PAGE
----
{¶ 77} Appellant's fifth assignment of error asserts:

{¶ 78} "The trial court erred in admitting into evidence States [sic] Exhibit #70 as the same was not properly authenticated and by allowing Tori Griffen [sic] to testify as to the purpose of the letter."

{¶ 79} Appellee introduced into evidence a letter purportedly written by Appellant and addressed to Ms. Griffin. (State's Exhibit 70.) The letter asks Ms. Griffin to change her testimony, seeking for her to commit perjury so that her testimony favors Appellant's acquittal. Appellant argues that the letter was not properly authenticated, although he fails to cite any particular rule that might have been violated.

{¶ 80} Appellee correctly cites Evid.R. 901(A) as the rule governing authentication of evidence: "[t]he requirement of authentication or identification as a condition precedent to admissibility is satisfied by evidence sufficient to support a finding that the matter in question is what its proponent claims." Appellee cites an example from Evid.R. 901(B)(2) to show one way that handwritten words may be authenticated: "[n]onexpert opinion as to the genuineness of handwriting, based upon familiarity not acquired for purposes of the litigation."

{¶ 81} "The party attempting to authenticate handwriting through nonexpert opinion testimony must establish that the nonexpert witness is sufficiently acquainted with the handwriting of the purported author to offer a valid opinion as to its genuineness. A nonexpert may compare a genuine sample of the person's handwriting with the handwriting in question if the nonexpert witness has first-hand knowledge of the purported author's handwriting." Dayton v. Santos (Jan. 12, 2001), 2nd Dist. No. 18324.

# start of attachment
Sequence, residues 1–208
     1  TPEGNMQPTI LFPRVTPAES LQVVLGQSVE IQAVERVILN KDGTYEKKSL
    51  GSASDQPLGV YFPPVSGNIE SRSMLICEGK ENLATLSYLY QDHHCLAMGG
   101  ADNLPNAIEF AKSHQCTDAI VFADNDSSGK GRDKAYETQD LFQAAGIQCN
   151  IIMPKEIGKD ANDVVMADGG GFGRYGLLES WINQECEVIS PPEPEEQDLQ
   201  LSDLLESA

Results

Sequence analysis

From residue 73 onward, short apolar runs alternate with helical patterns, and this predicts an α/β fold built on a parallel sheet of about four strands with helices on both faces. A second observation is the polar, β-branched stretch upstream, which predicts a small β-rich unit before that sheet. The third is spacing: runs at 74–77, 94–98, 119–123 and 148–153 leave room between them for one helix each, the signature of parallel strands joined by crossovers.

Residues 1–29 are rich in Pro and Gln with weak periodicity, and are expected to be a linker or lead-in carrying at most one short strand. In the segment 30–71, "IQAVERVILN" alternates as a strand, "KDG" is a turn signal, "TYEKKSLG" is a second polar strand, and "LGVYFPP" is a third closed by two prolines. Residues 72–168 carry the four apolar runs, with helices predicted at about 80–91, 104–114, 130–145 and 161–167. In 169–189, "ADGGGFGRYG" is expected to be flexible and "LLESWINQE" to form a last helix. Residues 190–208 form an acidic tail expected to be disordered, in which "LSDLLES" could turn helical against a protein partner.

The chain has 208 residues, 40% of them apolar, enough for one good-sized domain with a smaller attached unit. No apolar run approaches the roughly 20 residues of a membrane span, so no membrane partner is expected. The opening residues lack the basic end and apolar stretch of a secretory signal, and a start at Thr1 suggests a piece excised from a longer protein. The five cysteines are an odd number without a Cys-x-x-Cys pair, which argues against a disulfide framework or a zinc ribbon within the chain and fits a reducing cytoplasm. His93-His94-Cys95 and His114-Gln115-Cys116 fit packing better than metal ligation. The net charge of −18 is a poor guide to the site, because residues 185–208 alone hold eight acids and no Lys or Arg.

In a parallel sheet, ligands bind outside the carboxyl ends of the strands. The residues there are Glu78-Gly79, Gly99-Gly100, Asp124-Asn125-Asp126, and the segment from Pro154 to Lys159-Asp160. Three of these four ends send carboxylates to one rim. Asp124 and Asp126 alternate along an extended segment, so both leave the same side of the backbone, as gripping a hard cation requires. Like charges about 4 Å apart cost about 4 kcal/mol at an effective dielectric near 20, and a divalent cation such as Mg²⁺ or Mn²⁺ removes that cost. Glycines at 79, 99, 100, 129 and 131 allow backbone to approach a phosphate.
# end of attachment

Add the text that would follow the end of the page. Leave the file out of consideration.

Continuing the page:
{¶ 82} Appellee argues that Ms. Griffin, according to her testimony, was familiar with Appellant's handwriting based on letters he wrote to her while they dated each other. (Tr., p. 81.) She then identified the handwriting of State's Exhibit 70 as that of Appellant. (Tr., p. 82.) This testimony is sufficient to authenticate the exhibit.

{¶ 83} Appellant also argues that Ms. Griffin gave improper opinions and speculations about the meaning of Appellant's letter. The prosecutor asked Ms. Griffin the following question: